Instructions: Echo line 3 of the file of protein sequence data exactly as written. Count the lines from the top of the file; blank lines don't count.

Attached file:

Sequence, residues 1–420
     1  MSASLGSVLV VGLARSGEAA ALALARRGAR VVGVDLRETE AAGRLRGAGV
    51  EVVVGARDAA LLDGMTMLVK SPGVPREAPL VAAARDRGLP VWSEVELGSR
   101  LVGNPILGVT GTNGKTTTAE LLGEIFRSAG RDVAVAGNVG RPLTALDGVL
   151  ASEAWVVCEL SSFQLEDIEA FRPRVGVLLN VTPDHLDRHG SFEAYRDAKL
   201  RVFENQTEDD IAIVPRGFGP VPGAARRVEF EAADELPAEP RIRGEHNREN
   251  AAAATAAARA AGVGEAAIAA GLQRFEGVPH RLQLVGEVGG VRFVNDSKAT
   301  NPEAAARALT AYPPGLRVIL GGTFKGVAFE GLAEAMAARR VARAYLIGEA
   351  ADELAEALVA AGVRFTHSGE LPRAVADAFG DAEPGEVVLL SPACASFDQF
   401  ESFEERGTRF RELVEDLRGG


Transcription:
    51  EVVVGARDAA LLDGMTMLVK SPGVPREAPL VAAARDRGLP VWSEVELGSR